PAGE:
If we consider that The Dead Marshes shows us only 1 new enemy Giant Marsh Worm (however, pretty tough), this adventure pack offers quite a strong set of allies. But the combat doesn’t belong to the main activity in The Dead Marshes. You should rather arm with allies, events, and attachments aiming for Willpower and boosting Willpower because of Escape tests. Unfortunately, the abilities and stats of allies don’t correspond with the scenario. However, you surely use them in other (previous or next) scenarios.
We Do Not Sleep, the only event of The Dead Marshes, has failed completely, thus we can’t say anything positive about events of this adventure pack. Judge for yourself – 5 cost for not exhausting of Rohan characters during questing. Rohan characters are generally known for making-progress abilities and the strength of Willpower than for anything else. In combat, they are usually unusable. So the effect of We Do Not Sleep seems pretty odd, but the requirement of 5 cost? That’s pure foolishness, if not impudence.
The Dead Marshes offers a quite rich choice of attachments, though we won’t find here anything super-strong. Only Dúnedain Cache and Fast Hitch withstand the severe criticism because the effects of these attachments are simple and practical simultaneously. However, I can imagine the deck without them; instead of Dúnedain Cache I would add some Ranged characters and Fast Hitch I would play only in a heavy Hobbit deck. And Hobbits are not my specialty.
Song of Mocking works only with specific heroes, who draw the strength from being damaged. So if you won’t use Frodo, Glóin or Gimli, this Tactic attachment shouldn’t see the light of day. The last Song adding resource icon, Song of Battle, could be used for example in dualsphere or trisphere decks, if you plan to play some expensive allies. Otherwise, if Tactic sphere in a deck fills the role of support (through adding some attachment and events, which are commonly cheap in this sphere), then you should do without this Song well.
I think that attachments of The Dead Marshes don’t excel in anything. Most of them I encounter only if I inspect the whole cardpool due to deckbuilding. I remind their effects, but then I admit I have no use for them. However, it needn’t be your case. If you want to try any of these attachments, just do it.;)
The main task of The Dead Marshes lies in making progress and being successful in Escape tests. Both activities demand Willpower. And when you examine the whole set of player cards of The Dead Marshes, you won’t find anything really beneficial, what could help you to improve or boost Willpower. The player cards miss some unifying concept, every card aims at something else and every card is useful in different decks. Almost every card.
One player card you actually may use in every deck with Tactic sphere included and that card is Vassal of the Windlord. His 3 Attack, Ranged keyword and perfect 1 cost makes from this card TOP CARD of The Dead Marshes. Vassal of the Windlord has extraordinary status among other Tactic allies because 1-cost ally with such brilliant Attack doesn’t occur much. Even if he reminds one-time event than a long-life ally, still his attacking talent, connected with the speed you get him into a game, shouldn’t be simply ignored.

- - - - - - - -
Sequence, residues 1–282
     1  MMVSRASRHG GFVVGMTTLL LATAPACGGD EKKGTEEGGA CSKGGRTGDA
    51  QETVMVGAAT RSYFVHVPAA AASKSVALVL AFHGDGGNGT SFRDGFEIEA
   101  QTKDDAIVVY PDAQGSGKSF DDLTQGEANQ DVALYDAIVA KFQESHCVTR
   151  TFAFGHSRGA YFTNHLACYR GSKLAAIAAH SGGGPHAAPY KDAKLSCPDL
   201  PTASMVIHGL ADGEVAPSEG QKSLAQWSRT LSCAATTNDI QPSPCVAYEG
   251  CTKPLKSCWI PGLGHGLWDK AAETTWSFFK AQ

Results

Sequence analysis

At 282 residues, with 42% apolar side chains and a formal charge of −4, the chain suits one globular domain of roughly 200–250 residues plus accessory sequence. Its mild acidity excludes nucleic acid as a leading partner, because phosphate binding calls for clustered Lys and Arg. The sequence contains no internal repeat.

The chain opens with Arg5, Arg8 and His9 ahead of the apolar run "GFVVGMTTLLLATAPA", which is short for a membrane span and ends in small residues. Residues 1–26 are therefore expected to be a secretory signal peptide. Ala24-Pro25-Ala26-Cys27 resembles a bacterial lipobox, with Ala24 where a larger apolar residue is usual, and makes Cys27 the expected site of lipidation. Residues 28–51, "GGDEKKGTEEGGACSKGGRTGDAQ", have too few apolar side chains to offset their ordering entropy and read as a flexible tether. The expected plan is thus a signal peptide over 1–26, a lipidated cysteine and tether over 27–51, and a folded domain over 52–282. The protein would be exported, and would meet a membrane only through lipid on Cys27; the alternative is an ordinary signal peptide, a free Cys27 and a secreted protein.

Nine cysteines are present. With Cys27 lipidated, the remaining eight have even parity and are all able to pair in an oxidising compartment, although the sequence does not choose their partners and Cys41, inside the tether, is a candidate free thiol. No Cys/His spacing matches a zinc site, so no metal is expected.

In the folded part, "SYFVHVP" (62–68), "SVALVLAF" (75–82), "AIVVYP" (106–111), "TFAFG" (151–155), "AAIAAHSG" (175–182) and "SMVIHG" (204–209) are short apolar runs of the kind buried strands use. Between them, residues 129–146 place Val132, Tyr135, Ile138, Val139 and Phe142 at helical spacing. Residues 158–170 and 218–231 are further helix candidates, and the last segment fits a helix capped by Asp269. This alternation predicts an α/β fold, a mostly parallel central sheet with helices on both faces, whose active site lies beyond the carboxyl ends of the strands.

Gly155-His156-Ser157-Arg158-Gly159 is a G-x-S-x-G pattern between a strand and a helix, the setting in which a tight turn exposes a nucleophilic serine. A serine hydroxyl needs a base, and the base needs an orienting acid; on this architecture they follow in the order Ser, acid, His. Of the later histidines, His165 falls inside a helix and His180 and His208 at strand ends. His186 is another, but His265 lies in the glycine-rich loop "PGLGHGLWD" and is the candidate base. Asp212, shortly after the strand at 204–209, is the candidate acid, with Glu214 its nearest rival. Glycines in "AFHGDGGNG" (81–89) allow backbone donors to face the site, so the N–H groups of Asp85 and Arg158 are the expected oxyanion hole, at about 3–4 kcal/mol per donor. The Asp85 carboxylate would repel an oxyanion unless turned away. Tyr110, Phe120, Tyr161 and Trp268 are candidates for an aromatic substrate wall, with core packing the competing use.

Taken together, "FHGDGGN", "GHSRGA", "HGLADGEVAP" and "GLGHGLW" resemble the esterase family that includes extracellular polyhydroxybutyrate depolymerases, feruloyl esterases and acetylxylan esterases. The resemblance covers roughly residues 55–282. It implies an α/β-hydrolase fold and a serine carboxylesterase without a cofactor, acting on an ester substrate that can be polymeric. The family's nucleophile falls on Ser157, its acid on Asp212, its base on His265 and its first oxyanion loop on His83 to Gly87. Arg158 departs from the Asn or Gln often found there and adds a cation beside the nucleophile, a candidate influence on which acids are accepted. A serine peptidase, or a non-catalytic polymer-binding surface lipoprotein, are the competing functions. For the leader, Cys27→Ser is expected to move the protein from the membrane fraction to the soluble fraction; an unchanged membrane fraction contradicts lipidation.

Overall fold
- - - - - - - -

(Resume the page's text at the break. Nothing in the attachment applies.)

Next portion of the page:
Other characters of The Dead Marshes are not hopeless either (Boromir, Elfhelm). But it wouldn’t be the right adventure pack without some pointless cards, which add a variety of usefulness. SHEEP CARD we could search among all attachments – if I said about attachments that “we won’t find here anything super-strong”, I mean, in fact, we have got a very weak choice. However, the true SHEEP CARD belongs among events – We Do Not Sleep. The cost alone should scare off us. Add the useful effect for unsuitable characters and you have got the useless mixture with the terrible cost. What I would answer to the title of this event? Please Go To Sleep.:)
The unofficial king of MOST ENRICHED SPHERE, Lore sphere, which won this category three times, has to finally give a scepter to another sphere. Silvan Tracker and Fast Hitch don’t astonish us too much, so we have to look after another suitable candidate. And I think that most of the player will agree with me if I see Tactic sphere as the MOST ENRICHED SPHERE of The Dead Marshes. Except for under-average Song of Mocking, Vassal of the Windlord and Boromir stand out above the others. Both characters are really helpful in your attacking efforts and enrich your ranks of warriors to a great extent.
I want to mention one card, which deserves some attention – Elfhelm. Though I give my preference to the Vassal of the Windlord, the significant status holds this unique ally. I admire his offensive- and defensive-tuned stats, which aren’t peculiar for the Spirit sphere. You are at least a little bit less dependent on the help of other spheres, which must provide Spirit sphere some combat power.
The Dead Marshes may show as the scenario with the high ratio of frustration. Forever escaping Gollum can cause you genuine rage if he disappears in the encounter deck and then he slips out near you like the shadow card. Nope, I don’t want to describe my losses in this scenario – I write analysis and overall evaluation, not my The Dead Marshes walkthrough. But if I hadn’t wanted to play this scenario, I surely would have bought this pack because of the player cards, namely Vassal of the Windlord, Elfhelm, and Boromir. Without others, I can live.
VASSAL OF THE WINDLORD
WE DO NOT SLEEP
TACTIC SPHERE (BOROMIR + VASSAL OF THE WINDLORD + SONG OF MOCKING)